In the Arab world, the word used to describe Jesus and his followers is nazara. This is confirmed in the Islamic Koran and the word means 'keepers' or 'guardians'. The full definition is Nazara ha-Brit: 'Keepers of the Covenant'.

In the time of Jesus, the Nazarenes lived in Galilee and in that mystical realm which the Bible calls the 'wilderness', which was actually a very defined place. It was essentially the land around the main settlement at Qumr‚n which spread out to Mird and other places near the Dead Sea. It was, of course, at Qumr‚n that the Dead Sea Scrolls were discovered in 1948.



Map of Galilee


Some time after the Crucifixion, Peter and his friend Paul went to Antioch, then on to Rome, beginning the movement that became Christianity. But Jesus, along with his brother James and the majority of apostles, continued the Nazarene teachings, progressing them into Europe, where they were associated with the Celtic Church. This Church had been formally implemented as the church of Jesus in AD 37, while the Roman Church was itself formed 300 years later.

Through many centuries the Celtic Church, with its Nazarene culture, was directly opposed to the Church of Rome - the main difference being that the Celtic faith was based upon the teachings, codes and practices of Jesus himself. Roman Christianity, on the other hand, turned Jesus into the object of its religious veneration, forsaking his teachings to create an Imperial 'hybrid' faith for the benefit of the emperors and popes. It exists, in fact, not as Christianity, but as 'churchianity'.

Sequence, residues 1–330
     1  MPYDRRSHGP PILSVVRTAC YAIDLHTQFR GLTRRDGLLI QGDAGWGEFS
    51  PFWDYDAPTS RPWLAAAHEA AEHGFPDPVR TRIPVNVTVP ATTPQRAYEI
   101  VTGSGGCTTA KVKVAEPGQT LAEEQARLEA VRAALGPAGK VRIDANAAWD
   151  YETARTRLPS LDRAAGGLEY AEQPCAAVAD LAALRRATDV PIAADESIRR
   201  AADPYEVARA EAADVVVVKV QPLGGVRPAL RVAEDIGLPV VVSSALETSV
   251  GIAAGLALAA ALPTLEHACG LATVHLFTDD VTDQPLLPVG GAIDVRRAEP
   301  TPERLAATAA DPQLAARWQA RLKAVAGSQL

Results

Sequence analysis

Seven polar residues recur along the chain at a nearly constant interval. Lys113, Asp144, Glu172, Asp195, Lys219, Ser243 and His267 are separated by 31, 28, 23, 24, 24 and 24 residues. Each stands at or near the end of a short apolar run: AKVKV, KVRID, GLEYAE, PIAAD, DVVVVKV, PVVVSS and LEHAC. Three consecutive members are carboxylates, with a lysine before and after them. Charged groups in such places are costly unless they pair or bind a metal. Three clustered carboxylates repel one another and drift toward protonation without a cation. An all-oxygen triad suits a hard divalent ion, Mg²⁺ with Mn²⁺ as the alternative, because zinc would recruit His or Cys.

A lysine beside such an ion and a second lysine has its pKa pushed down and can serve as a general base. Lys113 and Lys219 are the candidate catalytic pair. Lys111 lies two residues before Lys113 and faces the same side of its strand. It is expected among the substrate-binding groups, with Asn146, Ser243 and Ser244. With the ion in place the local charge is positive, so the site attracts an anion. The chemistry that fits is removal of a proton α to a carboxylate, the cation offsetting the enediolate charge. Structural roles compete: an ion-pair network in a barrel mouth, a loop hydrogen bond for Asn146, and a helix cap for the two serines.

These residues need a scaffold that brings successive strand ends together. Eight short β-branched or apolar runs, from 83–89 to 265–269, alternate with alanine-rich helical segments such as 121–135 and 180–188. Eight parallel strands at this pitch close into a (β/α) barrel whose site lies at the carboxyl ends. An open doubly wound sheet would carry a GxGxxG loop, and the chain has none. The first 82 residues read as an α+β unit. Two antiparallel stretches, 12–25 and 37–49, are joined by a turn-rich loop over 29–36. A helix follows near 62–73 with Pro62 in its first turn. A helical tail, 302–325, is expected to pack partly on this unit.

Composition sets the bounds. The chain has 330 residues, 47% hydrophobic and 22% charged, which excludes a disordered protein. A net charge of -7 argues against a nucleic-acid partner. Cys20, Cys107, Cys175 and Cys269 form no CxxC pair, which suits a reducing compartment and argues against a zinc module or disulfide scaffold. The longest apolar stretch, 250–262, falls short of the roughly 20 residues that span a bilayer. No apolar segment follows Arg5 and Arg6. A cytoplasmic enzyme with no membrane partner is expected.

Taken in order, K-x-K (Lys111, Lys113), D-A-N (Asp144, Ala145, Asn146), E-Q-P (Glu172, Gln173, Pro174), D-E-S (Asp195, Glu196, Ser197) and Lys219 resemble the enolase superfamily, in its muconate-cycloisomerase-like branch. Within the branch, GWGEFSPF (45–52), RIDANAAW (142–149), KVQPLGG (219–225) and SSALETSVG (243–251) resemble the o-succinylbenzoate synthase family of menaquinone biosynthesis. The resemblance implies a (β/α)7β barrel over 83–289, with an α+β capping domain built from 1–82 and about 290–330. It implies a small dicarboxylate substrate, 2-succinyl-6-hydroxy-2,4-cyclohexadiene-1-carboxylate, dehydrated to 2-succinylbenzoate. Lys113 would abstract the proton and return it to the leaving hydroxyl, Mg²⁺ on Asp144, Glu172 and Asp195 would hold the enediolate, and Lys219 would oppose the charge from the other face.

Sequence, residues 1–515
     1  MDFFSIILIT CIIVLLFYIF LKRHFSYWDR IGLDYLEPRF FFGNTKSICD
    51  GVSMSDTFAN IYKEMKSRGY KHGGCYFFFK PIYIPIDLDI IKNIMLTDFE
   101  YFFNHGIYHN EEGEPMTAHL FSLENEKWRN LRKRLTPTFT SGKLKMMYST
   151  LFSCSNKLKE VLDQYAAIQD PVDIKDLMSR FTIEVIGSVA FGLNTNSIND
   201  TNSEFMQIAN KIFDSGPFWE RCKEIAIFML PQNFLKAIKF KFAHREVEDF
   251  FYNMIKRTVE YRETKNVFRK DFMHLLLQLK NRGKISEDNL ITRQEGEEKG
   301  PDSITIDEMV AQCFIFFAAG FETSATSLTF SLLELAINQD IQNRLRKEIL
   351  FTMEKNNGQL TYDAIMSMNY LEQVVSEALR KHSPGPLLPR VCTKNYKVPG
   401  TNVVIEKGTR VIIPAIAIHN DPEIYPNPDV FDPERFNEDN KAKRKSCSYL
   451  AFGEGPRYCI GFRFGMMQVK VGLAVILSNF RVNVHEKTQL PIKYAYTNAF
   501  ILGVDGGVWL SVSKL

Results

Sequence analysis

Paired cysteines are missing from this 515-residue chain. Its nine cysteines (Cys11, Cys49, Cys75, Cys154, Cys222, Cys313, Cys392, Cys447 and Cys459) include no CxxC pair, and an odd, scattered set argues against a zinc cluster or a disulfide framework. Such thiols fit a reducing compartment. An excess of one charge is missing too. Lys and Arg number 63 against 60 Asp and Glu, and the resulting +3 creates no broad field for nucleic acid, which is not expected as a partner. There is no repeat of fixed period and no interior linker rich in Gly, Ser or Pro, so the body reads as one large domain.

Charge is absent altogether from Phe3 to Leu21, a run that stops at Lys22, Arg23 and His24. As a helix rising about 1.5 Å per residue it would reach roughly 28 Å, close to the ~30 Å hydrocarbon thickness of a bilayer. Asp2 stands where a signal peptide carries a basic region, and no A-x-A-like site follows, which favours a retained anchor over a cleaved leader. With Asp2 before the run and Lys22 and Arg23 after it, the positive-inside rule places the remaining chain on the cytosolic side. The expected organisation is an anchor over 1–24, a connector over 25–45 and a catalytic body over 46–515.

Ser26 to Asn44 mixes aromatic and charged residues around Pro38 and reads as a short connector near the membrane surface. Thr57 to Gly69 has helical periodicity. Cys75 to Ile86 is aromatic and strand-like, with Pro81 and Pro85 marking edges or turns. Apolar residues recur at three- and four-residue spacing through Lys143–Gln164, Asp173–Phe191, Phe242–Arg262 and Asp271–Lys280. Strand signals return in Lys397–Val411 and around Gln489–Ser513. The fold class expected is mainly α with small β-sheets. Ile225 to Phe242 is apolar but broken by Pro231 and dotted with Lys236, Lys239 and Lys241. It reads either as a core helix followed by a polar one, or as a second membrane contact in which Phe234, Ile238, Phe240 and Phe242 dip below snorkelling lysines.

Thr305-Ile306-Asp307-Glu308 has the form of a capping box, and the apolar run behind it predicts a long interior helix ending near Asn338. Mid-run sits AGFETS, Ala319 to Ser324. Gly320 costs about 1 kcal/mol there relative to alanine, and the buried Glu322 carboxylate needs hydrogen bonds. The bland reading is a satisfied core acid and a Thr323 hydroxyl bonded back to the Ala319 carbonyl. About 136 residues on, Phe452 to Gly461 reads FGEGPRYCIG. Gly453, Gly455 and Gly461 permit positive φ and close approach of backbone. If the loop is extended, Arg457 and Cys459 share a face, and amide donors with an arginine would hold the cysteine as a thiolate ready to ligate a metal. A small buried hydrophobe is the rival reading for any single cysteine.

Apart from straightforward misunderstandings, misinterpretations and mistranslations, the canonical Gospels suffer from numerous purposeful amendments. Some original entries have been changed or deleted, while other entries have been added to suit the Church's vested interest. The majority of these edits and amendments were made in the 4th century, when the texts were translated into Latin from their original Greek and Semitic tongues.

Even earlier, in about AD 195, Bishop Clement of Alexandria made the first known amendment to the Gospel texts. He deleted a substantial section from the Gospel of Mark (written more than a hundred years before that time) and justified his action in a letter, stating: 'For even if they should say something true, one who loves the truth should not, even so, agree with them - for not all true things are to be said to all men'. What he meant was that, even at that very early stage, there was already a discrepancy between what the Gospel writers had written and what the bishops wanted to teach.